Side note: All of this is easier if you live in the district where you teach and students see you out in the community (is there anything as exciting for a young student as discovering that your teacher buys groceries and wears jeans). It's just one more reason that you really ought to live in the district where you teach. End of side note.

LGBTQ students, students of color, students with any number of challenges-- they all benefit from seeing teachers like them in front of a classroom. So do all the other students. And that means seeing what those teachers care about, living their lives. I kept pictures of my family on my desk all the years I taught; why shouldn't a married LGBTQ colleague be able to do the same?

We are stuck in an age of agitated groups, most of them currently on the right. Is there anything we can't raise a fuss about. I was watching an episode of Daniel Tiger yesterday with the Board of Directors, and it was all about sharing when you play with someone, and I realized sadly that this would be controversial content because some folks don't cotton to sharing which sounds a little socialist and in this world you fight for what's yours and you hold onto it. And folks who cry controversy over things like actual facts, rendering science ands history classes an uphill struggle. And folks who think children shouldn't learn anything that their parents don't know or believe. And folks who don't believe in vaccines.

The missing factor in all of these "teacher leaves the classroom" stories is an administration with a backbone. Because it certainly seems as if the answer to "What is too controversial for the classroom" is "pretty much everything." I've worked under controversy-averse administrations, and "don't do anything that will get me a phone call" is a terrible administration policy, especially in times when some folks are intent on whipping up controversy for their own political gains. Drawing that fuzzy, ever-shifting line is part of an administration's job, but they have to have the nerve not to fold to every single parent phone call.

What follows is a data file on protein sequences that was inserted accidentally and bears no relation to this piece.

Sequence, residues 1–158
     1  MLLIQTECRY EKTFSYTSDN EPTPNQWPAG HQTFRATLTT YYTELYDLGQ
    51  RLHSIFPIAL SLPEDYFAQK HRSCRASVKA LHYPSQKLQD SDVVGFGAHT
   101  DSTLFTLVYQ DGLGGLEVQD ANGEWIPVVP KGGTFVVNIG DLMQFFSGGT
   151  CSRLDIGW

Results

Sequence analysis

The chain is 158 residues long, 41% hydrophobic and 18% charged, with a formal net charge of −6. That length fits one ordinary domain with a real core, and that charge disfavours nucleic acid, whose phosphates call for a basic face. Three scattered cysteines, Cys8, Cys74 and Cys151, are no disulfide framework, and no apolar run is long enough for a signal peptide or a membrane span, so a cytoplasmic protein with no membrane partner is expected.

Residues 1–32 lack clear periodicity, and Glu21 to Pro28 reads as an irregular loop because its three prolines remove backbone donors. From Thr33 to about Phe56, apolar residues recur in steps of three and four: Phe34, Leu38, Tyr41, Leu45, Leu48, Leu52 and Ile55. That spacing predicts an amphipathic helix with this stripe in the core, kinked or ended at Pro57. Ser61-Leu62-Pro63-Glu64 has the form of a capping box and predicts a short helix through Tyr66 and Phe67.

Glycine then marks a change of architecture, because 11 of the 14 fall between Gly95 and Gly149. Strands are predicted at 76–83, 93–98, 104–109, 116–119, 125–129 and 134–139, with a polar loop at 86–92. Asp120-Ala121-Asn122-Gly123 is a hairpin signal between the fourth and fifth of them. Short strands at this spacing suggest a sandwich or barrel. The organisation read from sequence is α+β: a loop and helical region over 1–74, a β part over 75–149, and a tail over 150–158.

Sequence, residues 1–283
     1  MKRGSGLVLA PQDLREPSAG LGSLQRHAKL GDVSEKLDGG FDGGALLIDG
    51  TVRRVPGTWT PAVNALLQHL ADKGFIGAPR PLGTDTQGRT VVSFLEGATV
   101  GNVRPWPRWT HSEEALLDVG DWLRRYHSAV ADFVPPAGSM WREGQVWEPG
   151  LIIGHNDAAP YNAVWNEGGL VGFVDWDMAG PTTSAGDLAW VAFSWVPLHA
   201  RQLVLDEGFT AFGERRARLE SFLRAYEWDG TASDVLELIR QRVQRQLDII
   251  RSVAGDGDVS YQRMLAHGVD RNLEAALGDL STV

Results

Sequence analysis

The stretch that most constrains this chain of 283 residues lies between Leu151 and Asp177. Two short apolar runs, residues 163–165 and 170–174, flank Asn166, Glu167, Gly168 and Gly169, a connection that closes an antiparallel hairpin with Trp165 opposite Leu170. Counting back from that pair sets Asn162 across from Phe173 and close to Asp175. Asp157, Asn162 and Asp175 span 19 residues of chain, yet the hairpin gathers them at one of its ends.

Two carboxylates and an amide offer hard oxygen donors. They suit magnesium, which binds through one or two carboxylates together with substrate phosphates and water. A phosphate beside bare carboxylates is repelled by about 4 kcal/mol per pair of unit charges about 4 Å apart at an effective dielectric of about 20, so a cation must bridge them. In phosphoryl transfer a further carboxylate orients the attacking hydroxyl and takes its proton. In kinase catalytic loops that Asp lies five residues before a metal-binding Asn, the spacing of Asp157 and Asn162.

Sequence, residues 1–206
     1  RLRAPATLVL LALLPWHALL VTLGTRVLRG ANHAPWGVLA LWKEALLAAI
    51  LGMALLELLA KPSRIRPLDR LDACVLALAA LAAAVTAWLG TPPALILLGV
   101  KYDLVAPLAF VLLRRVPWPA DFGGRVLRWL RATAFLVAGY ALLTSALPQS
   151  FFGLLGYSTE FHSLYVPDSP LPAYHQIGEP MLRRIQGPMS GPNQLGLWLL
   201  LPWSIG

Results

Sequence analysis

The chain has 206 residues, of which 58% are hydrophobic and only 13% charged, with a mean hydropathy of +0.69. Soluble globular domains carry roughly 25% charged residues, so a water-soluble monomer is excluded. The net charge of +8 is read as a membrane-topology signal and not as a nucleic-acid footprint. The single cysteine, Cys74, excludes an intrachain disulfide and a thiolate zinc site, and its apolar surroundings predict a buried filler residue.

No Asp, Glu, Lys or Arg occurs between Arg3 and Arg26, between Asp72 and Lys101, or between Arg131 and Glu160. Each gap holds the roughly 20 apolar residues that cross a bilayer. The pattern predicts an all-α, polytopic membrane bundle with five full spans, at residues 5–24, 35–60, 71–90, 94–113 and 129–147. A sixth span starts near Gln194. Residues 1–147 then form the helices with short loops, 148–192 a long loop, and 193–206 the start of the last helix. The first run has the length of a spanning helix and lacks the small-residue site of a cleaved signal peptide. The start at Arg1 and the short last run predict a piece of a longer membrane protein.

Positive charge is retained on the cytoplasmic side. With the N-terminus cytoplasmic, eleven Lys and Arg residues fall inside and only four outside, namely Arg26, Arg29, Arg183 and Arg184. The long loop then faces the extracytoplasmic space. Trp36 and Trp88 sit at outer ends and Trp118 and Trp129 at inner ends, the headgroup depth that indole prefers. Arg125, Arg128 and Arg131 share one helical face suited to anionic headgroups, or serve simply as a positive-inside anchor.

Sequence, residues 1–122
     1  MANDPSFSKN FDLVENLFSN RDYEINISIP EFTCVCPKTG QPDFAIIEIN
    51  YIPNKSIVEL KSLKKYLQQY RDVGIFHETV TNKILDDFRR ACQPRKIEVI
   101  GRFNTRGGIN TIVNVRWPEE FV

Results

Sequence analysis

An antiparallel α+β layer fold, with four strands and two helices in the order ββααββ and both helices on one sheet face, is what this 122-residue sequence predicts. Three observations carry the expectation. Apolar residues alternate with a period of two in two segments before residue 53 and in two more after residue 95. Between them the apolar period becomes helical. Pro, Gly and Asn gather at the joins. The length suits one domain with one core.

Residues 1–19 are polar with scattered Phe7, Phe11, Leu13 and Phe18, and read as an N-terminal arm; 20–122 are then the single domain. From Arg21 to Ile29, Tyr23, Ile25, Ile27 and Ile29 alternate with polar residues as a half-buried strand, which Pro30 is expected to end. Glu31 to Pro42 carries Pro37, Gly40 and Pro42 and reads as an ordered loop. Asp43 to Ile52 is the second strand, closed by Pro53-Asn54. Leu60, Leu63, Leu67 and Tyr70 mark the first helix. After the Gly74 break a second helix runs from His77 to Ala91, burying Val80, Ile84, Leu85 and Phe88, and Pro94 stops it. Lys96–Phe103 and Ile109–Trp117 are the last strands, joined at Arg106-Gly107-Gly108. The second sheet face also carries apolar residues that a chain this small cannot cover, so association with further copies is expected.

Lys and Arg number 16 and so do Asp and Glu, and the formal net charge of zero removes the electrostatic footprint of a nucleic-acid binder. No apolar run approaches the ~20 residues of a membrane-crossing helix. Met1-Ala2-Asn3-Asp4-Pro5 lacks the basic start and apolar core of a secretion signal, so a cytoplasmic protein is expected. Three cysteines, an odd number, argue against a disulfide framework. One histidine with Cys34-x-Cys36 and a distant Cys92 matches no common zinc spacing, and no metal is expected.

I have no idea whether John Wallis was destined to be a great teacher or not. But I do know that as districts have more and more trouble filing positions, "Go in that classroom, but don't be gay or Black or any of this other stuff on our list in front of the students" is not a great recruiting tool. Nobody's career dream is to be an empty suit. 


  1. I'm curious. You state, ""I'm not here to tell you whether the osquolots were right or wrong, but I want you to understand how they saw the world and how that affected how they wrote about."
    You presumably use this neutral sounding idea as justification for exposing students to the viewpoints of those You find acceptable - Blacks, LGBTQ, etc. When you were a teacher, did you also propound the ideas of those you found unacceptable (but others may find acceptable) - e.g. devout Chistians ? If not, then isn't your neutral sounding template more doctrainaire since you are only exposing students to the viewpoints you agree with or at least find acceptable?

    I understand the need to bond with your students. But can you acknowledge the slippery slope when bringing your values into the classroom ?

    1. Not sure what in that description would indicate that I only used this construction for viewpoints I agreed with.

  2. I had many gay teachers growing up whose identities were very clear. They didn't hang up flags but they were absolutely not empty suits. You don't need a flag to make a point and in fact a great suit can go a long way in making a point!

    1. You and I grew up in different times. I have known gay teachers who were quietly gay, just as I've known straight teachers who kept their personal lives secret. I also knew a board that fired a teacher for being gay (we know this because as the ensuing lawsuit revealed, they lacked the cleverness to couch the dismissal in any other terms). It would be nice for everyone to have the choice. The flag strikes me as a quiet way to make the point about a safe space, the alternative being to talk about it regularly. The real question is not if he could have delivered his message another way, but if this way crossed the line.

      I do agree with you about the suit.